One aspect of my job as criminal defense attorney is answering questions about the longterm impacts of criminal convictions. It's not easy. Over the years, I have talked to enough Human Resources (HR) personnel of various employers [often the parents of my clients] to learn that job applicants who have one or more criminal convictions are treated much worse in the hiring process than those with "spotless" records. Depending on the employer, and certainly depending on the kind of work (e.g., public safety, financial, and education) any criminal conviction (even the most innocuous of misdemeanors (e.g., "disturbing the peace")) might destroy one's chances of getting hired. It is often a heavily weighted factor that might cause someone to be pushed downward in the ranks of qualified applicants.
One 2006 study called The Impact of Youth Criminal Behavior on Adult Earnings found that, "[h]aving been either charged with or convicted of a crime decreases earnings by about 10 percent early in a young adult’s working career. However, receiving a conviction when young lowers subsequent adult earnings by about 13%." The study took into account that there are demographic variables that are correlated with both lower earnings and criminality. This was dealt with by comparing the earnings of siblings who didn't have convictions as youths with their siblings who did. Notably, the study was based upon data gathered for more than a ten year period unlike many other studies of its kind.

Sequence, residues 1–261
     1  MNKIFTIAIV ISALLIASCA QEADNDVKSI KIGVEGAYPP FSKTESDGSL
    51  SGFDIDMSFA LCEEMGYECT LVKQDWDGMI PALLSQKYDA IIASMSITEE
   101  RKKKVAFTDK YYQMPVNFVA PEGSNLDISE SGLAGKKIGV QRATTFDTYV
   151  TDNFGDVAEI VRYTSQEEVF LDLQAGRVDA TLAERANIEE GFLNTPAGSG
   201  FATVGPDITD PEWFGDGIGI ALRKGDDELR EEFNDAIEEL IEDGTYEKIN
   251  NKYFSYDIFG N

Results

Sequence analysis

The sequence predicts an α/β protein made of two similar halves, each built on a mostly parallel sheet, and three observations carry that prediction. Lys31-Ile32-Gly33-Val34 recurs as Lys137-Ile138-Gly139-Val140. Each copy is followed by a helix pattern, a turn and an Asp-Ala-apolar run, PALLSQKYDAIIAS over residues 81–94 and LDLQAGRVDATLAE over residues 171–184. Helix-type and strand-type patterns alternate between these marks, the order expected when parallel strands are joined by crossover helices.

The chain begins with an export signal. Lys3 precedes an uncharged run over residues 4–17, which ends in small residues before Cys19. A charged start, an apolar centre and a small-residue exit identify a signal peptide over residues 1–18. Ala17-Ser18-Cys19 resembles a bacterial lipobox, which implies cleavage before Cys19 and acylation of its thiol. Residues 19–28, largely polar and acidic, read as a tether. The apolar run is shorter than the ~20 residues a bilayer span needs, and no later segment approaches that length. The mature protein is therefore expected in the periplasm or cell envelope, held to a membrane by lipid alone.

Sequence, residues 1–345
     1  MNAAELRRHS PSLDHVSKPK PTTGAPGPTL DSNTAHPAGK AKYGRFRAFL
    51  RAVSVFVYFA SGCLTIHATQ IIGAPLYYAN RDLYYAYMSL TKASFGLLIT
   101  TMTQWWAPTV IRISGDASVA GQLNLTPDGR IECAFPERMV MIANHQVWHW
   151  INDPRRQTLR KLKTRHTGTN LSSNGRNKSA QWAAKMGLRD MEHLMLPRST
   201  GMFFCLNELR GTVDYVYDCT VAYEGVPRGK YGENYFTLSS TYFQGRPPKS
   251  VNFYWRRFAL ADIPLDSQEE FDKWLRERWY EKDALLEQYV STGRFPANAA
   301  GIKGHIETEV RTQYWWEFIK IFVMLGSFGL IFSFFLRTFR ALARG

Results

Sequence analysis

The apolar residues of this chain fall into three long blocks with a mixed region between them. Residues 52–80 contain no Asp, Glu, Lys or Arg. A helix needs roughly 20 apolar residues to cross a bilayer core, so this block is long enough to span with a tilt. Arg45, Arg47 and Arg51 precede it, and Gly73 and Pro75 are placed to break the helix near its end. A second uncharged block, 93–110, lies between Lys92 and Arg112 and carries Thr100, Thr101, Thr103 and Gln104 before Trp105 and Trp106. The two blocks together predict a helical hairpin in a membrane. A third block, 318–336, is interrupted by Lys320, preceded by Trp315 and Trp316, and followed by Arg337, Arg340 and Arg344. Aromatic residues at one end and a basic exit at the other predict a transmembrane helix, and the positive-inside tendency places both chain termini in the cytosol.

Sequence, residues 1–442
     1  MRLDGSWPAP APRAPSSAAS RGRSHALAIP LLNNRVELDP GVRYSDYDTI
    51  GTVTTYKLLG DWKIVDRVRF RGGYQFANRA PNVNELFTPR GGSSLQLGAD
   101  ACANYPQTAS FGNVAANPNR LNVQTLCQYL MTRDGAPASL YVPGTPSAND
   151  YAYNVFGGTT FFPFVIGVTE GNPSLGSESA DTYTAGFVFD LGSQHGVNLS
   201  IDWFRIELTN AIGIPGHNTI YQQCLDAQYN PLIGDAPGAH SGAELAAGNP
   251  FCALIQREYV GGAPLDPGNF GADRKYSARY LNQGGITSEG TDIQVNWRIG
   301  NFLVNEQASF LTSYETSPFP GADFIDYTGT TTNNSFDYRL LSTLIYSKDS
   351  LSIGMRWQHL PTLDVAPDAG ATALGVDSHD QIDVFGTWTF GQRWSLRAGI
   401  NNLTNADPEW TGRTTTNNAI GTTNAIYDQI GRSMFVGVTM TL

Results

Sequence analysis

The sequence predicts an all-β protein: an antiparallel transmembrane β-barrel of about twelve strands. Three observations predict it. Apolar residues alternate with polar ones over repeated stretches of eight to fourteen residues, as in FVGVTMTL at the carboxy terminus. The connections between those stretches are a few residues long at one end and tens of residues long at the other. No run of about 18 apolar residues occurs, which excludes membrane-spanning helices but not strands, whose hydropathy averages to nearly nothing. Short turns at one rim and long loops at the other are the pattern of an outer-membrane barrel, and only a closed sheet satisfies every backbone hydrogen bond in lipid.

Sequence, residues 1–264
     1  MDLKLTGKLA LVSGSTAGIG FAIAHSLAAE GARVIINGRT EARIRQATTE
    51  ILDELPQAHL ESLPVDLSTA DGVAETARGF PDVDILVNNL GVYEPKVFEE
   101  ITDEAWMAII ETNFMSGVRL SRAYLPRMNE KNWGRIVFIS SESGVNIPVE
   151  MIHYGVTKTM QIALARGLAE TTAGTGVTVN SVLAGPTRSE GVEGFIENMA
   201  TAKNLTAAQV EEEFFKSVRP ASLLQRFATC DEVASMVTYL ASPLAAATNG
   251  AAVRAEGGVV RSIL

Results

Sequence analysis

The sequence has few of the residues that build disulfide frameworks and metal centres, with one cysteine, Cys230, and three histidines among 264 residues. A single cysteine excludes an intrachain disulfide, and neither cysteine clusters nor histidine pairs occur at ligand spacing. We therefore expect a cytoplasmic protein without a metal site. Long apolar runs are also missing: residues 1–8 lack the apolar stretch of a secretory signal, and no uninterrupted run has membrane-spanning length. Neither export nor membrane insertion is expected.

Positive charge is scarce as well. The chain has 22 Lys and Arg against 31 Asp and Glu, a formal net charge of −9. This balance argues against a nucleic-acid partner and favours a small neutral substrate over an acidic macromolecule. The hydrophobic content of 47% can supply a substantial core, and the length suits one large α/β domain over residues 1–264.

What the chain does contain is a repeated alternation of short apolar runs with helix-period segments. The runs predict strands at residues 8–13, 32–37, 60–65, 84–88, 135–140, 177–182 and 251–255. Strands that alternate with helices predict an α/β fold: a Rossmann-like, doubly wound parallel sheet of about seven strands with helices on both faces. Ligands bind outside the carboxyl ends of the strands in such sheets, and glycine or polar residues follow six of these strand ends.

Adding to this concern is my intuitive sense that the current population explosion, globalization of the economy, and the increasing proliferation and accessibility of criminal conviction data brought by the digitial age are all factors which will increase the negative impact of a criminal past on one's earning potential.
It is difficult, at times, to impress upon people who are not versed in this subject matter to take their criminal charges seriously, and to do what they can to keep their records spotless. Unfortunately, I've talked to (and represented) enough people years down the line who wish they had fought their case now that they know what was truly at stake; their financial well-being. I always encourage these people to pursue any expungement, or related remedy, available to them. However, there is no substitute for avoiding the conviction in the first place.